GEORGE NEWS - An application by opposition parties in the George Council, who sought to overturn the election of the new mayor of George, Leon Van Wyk, was dismissed by the High Court in Cape Town on Monday.
The court found that the Speaker had acted within the law and the lockdown regulations, and that the measures which had been put in place, as well as the voting procedure, were totally reasonable. In its ruling the court dismissed all allegations of sinister intent, stating "it is clear that good reasons exist for the postponement or cancellation of each of the meetings so postponed or cancelled".
Following Van Wyk's election as mayor on 22 May, a collective of opposition parties - PBI, ANC, EFF and AIC - applied to the High Court to have the election reviewed and declared null and void, since they believe that the process was flawed.
George DA Constituency Head Geordin Hill-Lewis said in a statement on Tuesday their party welcomes the judgement, which they believe puts a stop to this attempt by the opposition to destabilise the George Council.
Speaker Gerrit Pretorius said he "would like to know" why the opposition participated in the process if they believed it was flawed. "If they won, would they still consider the process as irregular? Most importantly, the judge did not concur with any of the points raised by the opposition."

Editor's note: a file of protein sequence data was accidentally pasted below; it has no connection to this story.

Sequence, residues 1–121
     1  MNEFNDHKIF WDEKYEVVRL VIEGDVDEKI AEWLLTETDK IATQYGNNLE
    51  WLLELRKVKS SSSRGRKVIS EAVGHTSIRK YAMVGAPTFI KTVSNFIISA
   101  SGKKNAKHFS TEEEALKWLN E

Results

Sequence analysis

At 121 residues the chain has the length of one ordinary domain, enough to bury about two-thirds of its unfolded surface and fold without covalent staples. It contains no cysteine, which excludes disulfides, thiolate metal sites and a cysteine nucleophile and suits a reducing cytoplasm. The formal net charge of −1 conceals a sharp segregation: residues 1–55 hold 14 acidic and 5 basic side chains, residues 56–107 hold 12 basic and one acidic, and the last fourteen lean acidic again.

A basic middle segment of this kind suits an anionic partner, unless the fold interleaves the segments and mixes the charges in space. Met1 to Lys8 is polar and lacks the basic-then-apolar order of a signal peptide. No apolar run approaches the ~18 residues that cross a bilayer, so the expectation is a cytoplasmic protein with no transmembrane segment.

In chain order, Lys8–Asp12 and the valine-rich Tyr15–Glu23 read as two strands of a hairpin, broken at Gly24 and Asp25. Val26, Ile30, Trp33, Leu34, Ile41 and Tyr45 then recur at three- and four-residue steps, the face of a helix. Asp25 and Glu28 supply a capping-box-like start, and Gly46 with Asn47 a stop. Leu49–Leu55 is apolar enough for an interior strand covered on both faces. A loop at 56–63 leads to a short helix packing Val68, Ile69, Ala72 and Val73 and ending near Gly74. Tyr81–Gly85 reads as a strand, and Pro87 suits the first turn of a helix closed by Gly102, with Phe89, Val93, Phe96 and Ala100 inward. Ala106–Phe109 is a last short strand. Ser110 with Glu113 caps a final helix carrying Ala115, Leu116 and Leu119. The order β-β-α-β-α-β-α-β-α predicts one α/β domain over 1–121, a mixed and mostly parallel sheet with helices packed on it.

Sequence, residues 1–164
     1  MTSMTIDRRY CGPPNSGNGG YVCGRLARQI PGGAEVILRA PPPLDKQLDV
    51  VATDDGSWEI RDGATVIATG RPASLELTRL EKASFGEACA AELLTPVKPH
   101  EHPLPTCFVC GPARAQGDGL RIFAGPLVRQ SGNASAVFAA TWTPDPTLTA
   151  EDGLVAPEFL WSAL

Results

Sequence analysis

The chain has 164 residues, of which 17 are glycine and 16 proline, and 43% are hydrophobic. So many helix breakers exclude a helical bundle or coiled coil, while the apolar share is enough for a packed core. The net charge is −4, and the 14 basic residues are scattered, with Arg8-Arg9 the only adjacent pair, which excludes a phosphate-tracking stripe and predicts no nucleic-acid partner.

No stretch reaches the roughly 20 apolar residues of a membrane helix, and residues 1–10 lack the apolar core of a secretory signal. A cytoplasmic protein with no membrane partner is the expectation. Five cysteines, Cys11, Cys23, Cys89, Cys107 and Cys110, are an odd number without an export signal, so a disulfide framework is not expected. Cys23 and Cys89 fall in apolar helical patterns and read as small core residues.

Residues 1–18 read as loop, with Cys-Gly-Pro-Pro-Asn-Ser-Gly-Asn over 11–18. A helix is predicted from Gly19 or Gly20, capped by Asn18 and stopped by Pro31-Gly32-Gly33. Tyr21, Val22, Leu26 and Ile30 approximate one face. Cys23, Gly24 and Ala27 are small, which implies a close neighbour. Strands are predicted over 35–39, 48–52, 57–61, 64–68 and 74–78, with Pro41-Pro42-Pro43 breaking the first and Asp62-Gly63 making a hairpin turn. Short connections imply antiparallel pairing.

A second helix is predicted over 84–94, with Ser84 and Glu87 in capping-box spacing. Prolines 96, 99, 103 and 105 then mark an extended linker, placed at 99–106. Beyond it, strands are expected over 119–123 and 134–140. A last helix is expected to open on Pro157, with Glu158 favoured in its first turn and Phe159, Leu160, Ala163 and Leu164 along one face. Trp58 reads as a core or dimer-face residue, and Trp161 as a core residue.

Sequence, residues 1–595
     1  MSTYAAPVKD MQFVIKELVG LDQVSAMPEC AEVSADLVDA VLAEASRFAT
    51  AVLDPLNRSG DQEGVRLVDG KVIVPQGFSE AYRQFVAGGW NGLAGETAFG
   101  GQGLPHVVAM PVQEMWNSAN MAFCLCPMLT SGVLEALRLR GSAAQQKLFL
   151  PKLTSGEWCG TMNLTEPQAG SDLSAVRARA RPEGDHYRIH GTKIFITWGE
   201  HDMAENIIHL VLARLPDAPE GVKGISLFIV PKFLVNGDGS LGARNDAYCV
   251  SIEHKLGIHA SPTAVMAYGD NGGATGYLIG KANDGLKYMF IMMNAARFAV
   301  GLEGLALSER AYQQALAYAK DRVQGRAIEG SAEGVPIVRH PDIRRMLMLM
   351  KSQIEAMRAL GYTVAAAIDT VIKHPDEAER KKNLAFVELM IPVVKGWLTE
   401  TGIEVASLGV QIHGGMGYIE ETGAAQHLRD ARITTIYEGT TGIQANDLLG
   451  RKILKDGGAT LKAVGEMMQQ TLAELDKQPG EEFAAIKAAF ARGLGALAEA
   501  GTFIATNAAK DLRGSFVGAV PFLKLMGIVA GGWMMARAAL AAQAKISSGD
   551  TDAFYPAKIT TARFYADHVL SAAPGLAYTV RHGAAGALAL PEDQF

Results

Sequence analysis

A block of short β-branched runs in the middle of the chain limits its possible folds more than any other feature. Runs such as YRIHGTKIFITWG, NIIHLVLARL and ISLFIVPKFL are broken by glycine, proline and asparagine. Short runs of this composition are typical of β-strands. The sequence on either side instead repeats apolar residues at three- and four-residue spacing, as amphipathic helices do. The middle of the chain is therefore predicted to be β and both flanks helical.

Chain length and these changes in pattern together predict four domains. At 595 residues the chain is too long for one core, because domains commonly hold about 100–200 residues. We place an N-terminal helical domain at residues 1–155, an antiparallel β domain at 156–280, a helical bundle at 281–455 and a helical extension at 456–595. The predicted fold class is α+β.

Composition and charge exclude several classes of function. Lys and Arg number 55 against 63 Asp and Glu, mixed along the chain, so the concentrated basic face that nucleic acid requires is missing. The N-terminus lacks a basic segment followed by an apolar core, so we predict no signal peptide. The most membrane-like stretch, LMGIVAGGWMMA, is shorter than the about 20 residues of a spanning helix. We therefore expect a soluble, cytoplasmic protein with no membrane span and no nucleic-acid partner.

According to Adv Gert van Niekerk of the FF Plus, the costs involved with such a voluminous judgement and the appointment of attorneys, junior and senior advocates, could easily accumulate to R500 000 for both applicants and respondents. Chief Whip of Council Marlene Barnardt said it is a pity that a political game will cost taxpayers money.
Virgill Gericke, leader of the PBI, said the opposition takes note of the judgement. "We respectfully disagree with the judge on certain aspects of his judgement, but will reconsider our options in terms of the way forward," said Gericke.
"Part of the judgement states that the applicants (opposition) were within their right to take the matter to court. Our constitutional democracy is alive and vibrant and makes provision for parties to challenge the validity of any procedure in a court of law," he said.
"The intent of this application was not to destabilise any form of government, but to guarantee the integrity of the election of mayor."
Gericke said it is critical to note that all parties have the right to seek clarity in our courts on matters of constitutional interest. "This application is no different from what the DA is doing on a regular basis."